Be Sociable, Share!

Filed in Uncategorized | 23 responses so far

23 Responses to “On War #255: Operation Cassandra”

  1. maximilliangcon 25 Mar 2008 at 6:22 pm 1

    Lind put forth this scenario sometime ago, scarey, but I considered it somewhat far fetched, since then others have echoed this worst case prediction.

    Get a load of this,
    It’s actually quite brilliantly written, and given the events of the last
    several years, I don’t think a thinking concious individual can rule this out.


    And if you think the US is headed for big trouble now, if this scenario comes about, all bets are off.


  2. gpanfileon 25 Mar 2008 at 6:45 pm 2

    If this happens:

    1. It will be driven by Cheney and the Likud here and abroad.

    2. It will be accompanied by some sort of threat of nuclear retaliation if the Iranians don’t just take it lying down.

    3. They will ignore that threat and do what has been outlined here… oil will go to about $200, and that army will be in serious jeopardy.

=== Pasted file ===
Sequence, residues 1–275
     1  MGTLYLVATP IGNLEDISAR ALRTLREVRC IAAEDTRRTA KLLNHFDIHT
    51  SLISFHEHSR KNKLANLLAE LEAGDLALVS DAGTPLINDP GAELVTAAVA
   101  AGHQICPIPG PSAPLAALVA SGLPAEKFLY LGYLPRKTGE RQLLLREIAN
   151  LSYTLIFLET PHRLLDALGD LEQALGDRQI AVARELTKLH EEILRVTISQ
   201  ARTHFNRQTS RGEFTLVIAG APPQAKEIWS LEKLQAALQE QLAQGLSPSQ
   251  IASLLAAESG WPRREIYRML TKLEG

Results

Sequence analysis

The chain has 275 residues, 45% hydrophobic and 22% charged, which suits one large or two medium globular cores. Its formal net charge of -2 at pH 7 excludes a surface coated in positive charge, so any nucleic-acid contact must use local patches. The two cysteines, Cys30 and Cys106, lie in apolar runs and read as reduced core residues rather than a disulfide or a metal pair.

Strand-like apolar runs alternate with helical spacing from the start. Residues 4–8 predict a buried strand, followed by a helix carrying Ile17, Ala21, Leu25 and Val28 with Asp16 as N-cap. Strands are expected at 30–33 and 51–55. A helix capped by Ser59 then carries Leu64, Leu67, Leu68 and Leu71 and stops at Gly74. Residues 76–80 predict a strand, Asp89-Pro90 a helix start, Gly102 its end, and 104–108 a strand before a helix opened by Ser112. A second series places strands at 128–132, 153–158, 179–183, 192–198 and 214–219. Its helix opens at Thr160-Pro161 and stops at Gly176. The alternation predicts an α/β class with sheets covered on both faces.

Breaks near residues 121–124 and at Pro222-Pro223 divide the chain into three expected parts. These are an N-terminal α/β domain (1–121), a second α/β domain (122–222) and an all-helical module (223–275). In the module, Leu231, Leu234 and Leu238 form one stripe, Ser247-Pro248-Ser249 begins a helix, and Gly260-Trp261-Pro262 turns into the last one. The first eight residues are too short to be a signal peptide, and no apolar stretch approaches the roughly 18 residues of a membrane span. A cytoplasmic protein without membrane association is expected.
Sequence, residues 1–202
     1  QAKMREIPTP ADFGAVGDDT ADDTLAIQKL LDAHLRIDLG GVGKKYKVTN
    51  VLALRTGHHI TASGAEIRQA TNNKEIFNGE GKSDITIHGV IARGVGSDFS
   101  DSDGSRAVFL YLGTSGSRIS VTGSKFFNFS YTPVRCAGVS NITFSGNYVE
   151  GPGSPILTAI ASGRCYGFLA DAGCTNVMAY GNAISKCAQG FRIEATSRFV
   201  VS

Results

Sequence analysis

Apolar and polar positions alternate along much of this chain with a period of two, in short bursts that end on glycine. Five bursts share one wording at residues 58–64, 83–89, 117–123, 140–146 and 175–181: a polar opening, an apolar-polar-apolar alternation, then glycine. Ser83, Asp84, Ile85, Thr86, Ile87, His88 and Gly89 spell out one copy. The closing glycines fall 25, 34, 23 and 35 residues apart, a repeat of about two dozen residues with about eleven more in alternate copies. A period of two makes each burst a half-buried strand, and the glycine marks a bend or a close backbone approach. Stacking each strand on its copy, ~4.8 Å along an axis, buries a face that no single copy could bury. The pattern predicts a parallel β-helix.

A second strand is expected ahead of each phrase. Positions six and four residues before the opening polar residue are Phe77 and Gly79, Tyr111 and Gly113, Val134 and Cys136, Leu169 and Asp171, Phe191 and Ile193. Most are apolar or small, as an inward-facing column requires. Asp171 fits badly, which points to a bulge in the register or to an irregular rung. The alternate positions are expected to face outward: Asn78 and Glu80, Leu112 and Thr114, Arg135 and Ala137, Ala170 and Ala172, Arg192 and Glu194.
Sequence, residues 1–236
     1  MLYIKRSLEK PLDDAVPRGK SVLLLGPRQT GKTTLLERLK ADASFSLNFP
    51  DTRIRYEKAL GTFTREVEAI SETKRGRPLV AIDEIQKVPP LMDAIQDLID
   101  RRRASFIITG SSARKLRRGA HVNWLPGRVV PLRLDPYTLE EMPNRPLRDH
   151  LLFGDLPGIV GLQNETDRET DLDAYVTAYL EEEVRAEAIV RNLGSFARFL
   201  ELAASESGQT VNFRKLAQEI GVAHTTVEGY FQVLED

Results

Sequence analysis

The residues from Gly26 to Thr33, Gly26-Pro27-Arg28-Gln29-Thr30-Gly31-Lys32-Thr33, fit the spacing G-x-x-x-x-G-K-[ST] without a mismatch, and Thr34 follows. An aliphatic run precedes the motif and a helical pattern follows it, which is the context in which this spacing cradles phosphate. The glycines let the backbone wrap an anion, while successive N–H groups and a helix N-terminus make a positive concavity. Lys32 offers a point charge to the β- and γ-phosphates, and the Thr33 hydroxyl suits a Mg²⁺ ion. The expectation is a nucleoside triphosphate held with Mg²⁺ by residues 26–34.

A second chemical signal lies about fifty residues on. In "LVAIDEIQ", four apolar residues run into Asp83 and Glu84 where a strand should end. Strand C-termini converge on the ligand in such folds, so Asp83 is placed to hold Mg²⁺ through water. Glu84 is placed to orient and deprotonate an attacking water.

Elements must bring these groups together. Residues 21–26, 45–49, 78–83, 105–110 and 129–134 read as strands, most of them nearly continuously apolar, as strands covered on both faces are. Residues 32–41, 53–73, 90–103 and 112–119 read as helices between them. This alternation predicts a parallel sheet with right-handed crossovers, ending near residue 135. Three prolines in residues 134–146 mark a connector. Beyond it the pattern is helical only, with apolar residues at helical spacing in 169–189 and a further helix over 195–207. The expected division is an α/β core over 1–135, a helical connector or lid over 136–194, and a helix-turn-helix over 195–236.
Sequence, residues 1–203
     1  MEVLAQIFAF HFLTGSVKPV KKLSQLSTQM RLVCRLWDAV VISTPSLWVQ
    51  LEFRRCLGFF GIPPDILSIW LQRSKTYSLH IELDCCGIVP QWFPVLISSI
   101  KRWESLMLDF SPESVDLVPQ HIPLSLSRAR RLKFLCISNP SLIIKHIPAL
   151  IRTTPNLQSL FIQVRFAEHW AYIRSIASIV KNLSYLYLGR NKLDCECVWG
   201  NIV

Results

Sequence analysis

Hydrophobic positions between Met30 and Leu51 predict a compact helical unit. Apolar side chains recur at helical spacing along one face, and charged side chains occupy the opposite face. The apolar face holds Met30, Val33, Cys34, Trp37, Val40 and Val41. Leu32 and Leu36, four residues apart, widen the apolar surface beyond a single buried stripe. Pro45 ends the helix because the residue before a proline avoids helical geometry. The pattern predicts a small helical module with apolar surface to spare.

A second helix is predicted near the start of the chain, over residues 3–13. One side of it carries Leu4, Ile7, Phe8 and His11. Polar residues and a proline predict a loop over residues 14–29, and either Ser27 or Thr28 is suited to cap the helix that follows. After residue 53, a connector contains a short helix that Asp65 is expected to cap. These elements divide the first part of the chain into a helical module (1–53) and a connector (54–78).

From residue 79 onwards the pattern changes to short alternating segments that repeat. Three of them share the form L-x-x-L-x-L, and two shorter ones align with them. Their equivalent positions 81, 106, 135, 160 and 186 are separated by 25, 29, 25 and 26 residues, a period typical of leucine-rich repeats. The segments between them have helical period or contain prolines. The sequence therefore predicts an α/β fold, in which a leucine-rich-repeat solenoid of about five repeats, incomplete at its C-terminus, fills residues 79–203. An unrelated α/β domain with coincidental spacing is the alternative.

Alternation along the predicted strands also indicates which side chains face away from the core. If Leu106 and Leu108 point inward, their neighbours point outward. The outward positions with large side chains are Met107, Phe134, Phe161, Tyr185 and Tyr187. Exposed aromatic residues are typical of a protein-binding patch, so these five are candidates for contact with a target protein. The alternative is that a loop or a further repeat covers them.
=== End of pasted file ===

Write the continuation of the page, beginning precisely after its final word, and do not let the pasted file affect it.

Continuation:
4. Some in the Administration will push for dropping the bomb. W won’t do it, but might threaten to, then execute a wider bombing campaign.

    5. Lacking ground troops, the US will negotiate its way out of the situation.

    6. John McCain gets 25% of the vote, and Democrats sweep all elections by a gigantic margin.

    7. W leaves office with the most pardons ever proffered by an outgoing President, including ones for both himself and his VP, along with at least one former cabinet secretary and most of Rumsfeld’s DOD staff.

    8. When historians in the Chinese Empire write this up, they will laugh.

  3. maximilliangcon 25 Mar 2008 at 9:08 pm 3


    “When historians in the Chinese Empire write this up, they will laugh.”

    Boy, You nailed it, couldn’t have said it better myself, along the same lines
    as not so long ago we regarded (as pathetic) what was revealed of the Soviet empire after it’s collaphs.

    Now this,



  4. EmeryNelsonon 26 Mar 2008 at 2:30 am 4

    Since the time the invasion was being planned I’ve asked the question, “Have you ever looked at a map of Iraq and Iran?” It would seem elementary. However, since we’re primary a naval and air power we have been robbed of any geographical sense. The Iranians have been watching and planning for quite some time and the terrain will be their best friend and our worst enemy. They have fought in southern Iraq before and know the area intimately. Iranian intel runs large sections of the country. They support the Shia Militias with training and man power from the Revolutionary Guards. Iran if very mountainous dead east of Baghdad, which has always given the air force problems.